Earlier this year it was reported that, despite its popularity, Instagram may be the worst social media platform for young women. That’s because it’s linked to a host of problems like negative body image and FOMO (aka, the fear of missing out), likely thanks to the social media site’s use of reality-distorting filters.
Now a new study finds these same filters may actually hold the key to understanding an individual’s mental health. That’s right: Your preference of Juno over Willow may be connected to how happy or sad you feel.
Scientists have derived an algorithm that can accurately diagnose depression 70 percent of the time just from looking at your selfies or photos of your avocado toast. What’s interesting is it doesn’t really matter what you post; rather it’s the Insta-filter you’re using to doctor up your photos that’s so revealing.
According to the algorithm, when you get the blues it shows up in your feed.
“Depressed individuals in our study posted photos that were bluer, darker and grayer as compared to the posts of healthy participants,” Harvard University graduate student and lead researcher Andrew Reece tells CBS News. He and co-author Chris Danforth, a professor at the University of Vermont College of Engineering and Mathematical Sciences, looked at the Instagram feeds of 166 people who were also asked to fill out questionnaires about their mental health. In total, 44,000 photos were analyzed using a unique software that could visually detect signs of depression.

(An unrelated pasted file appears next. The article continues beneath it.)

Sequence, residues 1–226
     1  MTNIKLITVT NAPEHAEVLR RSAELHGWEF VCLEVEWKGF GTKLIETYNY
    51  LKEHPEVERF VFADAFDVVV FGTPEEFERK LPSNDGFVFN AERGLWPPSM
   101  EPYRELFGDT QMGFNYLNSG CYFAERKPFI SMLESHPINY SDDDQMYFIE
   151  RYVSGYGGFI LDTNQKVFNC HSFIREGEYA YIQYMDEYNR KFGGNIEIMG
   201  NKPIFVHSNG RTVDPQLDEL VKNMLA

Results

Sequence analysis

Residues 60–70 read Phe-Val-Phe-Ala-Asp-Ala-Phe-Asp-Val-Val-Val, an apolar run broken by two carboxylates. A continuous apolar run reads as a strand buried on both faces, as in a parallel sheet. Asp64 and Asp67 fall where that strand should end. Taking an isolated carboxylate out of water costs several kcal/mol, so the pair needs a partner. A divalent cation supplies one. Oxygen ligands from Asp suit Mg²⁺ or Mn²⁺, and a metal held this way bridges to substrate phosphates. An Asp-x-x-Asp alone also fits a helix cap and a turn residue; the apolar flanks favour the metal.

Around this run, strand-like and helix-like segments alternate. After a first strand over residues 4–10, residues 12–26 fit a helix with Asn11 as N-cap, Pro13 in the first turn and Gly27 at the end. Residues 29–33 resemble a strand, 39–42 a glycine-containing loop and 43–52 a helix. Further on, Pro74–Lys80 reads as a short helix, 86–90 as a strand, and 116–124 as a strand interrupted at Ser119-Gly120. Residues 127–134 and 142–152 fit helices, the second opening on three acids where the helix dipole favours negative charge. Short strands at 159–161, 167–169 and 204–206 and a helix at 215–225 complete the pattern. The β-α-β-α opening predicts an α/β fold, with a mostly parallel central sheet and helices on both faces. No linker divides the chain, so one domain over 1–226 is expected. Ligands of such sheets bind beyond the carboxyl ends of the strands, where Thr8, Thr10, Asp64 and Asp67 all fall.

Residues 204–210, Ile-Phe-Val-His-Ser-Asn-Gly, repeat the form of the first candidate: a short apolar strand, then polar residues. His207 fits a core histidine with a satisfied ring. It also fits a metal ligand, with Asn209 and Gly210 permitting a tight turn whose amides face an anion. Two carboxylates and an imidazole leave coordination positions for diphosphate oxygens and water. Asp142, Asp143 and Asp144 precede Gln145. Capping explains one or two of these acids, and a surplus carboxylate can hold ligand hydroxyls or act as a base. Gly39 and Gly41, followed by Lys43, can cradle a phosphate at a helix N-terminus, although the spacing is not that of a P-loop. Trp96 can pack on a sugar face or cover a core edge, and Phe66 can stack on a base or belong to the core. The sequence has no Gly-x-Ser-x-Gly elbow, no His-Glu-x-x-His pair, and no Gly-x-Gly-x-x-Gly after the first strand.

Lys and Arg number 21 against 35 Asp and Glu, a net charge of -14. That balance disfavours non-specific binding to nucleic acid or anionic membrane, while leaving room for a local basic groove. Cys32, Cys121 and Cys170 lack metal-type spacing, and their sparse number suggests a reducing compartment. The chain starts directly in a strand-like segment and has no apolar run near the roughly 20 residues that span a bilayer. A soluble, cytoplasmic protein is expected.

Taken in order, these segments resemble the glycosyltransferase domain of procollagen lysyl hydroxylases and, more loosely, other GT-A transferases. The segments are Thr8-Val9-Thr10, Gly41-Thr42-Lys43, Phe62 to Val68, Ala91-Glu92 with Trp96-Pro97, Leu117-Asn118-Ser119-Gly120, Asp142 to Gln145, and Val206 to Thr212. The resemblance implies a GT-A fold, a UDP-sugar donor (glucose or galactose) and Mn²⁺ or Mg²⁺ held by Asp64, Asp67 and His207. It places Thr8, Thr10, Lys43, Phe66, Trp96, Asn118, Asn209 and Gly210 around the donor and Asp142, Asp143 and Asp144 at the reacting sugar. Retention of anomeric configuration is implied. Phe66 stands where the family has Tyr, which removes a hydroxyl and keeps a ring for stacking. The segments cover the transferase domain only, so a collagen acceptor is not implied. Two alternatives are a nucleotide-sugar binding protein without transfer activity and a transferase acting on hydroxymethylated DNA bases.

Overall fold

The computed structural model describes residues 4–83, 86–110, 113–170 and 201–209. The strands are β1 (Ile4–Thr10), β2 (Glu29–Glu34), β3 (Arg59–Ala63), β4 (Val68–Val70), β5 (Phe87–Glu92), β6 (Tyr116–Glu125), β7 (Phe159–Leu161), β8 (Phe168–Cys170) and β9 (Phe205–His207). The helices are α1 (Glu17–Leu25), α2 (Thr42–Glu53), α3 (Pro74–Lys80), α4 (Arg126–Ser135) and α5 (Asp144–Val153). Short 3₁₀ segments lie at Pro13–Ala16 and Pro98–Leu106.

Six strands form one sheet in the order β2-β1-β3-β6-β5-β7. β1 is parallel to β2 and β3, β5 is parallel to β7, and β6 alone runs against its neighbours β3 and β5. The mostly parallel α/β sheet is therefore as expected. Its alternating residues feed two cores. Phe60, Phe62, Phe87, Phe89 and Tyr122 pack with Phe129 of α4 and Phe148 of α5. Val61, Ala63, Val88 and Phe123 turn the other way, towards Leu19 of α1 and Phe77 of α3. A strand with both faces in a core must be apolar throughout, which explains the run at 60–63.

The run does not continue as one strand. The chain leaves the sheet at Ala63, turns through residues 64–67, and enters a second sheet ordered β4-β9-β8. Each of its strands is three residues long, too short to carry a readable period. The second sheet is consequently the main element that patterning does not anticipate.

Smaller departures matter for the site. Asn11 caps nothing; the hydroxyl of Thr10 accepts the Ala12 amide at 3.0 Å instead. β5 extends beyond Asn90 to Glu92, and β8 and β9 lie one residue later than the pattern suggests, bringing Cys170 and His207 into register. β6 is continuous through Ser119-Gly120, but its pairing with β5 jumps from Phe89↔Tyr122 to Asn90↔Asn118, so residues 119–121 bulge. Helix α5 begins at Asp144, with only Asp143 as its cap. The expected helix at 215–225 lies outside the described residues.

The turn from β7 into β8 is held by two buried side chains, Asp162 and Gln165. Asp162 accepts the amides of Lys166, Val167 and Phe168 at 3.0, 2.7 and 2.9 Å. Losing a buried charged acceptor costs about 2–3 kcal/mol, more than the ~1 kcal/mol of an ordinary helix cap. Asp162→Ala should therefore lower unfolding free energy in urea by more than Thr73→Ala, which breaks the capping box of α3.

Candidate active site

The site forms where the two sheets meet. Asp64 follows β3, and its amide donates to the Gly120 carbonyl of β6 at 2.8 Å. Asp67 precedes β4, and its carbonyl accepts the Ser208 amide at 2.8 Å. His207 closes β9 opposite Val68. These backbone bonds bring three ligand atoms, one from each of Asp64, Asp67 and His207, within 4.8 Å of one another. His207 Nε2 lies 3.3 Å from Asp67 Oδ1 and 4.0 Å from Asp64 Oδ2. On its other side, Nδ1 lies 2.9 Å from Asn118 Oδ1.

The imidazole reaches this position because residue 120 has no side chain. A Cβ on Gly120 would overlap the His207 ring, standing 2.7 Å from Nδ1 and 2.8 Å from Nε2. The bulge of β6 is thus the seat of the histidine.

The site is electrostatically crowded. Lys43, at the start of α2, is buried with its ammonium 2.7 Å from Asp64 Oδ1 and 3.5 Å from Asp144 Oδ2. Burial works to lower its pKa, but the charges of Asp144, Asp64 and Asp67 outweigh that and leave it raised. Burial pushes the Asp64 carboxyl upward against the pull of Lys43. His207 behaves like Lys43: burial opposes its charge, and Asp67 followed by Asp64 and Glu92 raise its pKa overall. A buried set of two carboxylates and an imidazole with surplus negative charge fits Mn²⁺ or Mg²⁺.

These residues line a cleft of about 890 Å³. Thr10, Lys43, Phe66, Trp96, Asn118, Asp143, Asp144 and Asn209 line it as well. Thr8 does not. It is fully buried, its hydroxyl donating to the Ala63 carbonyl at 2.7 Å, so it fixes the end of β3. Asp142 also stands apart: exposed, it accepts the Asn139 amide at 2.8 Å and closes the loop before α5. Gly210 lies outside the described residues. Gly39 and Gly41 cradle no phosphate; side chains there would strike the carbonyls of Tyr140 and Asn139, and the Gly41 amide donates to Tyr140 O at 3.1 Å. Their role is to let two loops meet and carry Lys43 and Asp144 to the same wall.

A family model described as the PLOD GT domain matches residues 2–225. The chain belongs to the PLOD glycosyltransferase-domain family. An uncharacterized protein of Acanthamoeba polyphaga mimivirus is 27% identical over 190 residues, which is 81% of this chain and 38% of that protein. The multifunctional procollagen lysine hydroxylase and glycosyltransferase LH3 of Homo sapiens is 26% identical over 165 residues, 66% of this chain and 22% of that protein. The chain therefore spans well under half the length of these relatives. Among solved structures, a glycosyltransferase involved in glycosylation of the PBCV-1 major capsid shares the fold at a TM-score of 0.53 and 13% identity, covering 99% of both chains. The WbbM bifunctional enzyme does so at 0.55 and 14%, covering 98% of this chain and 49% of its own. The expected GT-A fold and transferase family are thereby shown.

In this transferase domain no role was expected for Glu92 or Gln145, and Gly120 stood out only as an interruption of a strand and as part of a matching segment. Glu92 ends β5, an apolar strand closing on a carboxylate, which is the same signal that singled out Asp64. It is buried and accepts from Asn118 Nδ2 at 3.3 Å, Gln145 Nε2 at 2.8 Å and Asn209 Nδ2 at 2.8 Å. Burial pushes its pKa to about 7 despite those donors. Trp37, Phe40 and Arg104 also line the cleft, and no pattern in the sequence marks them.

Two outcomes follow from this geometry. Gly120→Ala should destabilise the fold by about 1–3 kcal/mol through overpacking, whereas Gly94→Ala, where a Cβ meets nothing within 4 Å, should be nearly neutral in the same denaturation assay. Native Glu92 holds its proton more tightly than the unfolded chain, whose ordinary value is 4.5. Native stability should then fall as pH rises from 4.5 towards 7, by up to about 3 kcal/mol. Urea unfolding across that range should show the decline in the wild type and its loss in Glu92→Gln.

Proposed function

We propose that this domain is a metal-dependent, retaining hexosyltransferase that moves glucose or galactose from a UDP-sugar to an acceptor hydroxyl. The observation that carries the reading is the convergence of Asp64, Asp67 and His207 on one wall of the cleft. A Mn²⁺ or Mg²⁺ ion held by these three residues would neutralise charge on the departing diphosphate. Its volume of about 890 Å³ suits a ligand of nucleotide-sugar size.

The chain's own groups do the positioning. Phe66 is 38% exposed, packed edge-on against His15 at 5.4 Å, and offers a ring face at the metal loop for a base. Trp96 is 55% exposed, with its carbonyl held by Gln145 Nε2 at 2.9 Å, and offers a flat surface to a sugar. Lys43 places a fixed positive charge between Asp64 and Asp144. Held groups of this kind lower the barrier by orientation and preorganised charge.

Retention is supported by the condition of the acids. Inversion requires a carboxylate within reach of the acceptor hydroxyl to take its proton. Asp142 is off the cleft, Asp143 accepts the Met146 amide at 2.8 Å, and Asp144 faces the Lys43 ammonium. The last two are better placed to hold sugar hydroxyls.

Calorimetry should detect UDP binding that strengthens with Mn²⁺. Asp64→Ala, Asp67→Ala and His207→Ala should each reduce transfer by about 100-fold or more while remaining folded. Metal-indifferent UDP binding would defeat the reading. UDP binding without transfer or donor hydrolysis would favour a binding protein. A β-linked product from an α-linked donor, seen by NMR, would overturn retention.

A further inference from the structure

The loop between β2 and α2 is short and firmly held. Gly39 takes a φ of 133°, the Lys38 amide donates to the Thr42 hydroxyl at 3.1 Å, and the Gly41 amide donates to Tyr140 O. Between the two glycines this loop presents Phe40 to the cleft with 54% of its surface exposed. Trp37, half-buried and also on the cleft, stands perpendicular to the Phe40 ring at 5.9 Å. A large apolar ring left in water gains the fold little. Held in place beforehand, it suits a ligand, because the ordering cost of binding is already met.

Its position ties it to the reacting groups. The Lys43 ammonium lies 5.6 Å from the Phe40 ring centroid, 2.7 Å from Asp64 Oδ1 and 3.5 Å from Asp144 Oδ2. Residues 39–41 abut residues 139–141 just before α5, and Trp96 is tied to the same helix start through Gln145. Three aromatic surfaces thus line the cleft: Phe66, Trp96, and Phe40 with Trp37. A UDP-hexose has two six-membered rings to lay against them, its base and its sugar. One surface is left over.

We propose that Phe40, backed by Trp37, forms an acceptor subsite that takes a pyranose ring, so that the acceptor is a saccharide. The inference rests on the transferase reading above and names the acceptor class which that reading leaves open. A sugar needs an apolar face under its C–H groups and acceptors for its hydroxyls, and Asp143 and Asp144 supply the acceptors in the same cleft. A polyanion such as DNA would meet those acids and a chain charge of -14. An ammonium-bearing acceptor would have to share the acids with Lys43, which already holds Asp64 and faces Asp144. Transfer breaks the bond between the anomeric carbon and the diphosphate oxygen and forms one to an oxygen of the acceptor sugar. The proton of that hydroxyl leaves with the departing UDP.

The researchers found that the filter of choice for depressed ‘grammers was often Inkwell, which transforms a colorful snap into a black-and-white photo. “Healthy participants” opted for Valencia, a tone-brightening filter. In other words, depressed individuals seemed to want to drain all the color out of their photos, while happier people wanted to liven them up. “Our results suggest that depression quite literally makes people see their world through a darker, grayer lens,” Reece said.
Another not-so-surprising finding of the study? Depressed people post more single-person shots than group shots, which researchers believe could be because they aren’t as social.
Previous studies have found that physicians accurately diagnose depression only around 40 percent of the time, but Reece and Danforth maintain their computer program correctly detected it seven out of 10 times — which means this algorithm is 30 percent more effective in diagnosing the condition than a real, live human with a medical degree. Crazy, right?
But researchers aren’t suggesting you ditch your doctor and allow a computer to prescribe you medication. Instead they hope this new information will complement the diagnostic process. “It’s clear that depression isn’t easy to diagnose, and the computational approach we’ve taken here may end up assisting, rather than competing with, health care professionals as they seek to make accurate mental health assessments,” Reece says.
What Do YOU Think?
What is your favorite Instagram filter? Do you think it accurately describes your mental health as described in this study? Do you think computers will be more instrumental in diagnosing mental health conditions in the future? Let us know your thoughts in the comments.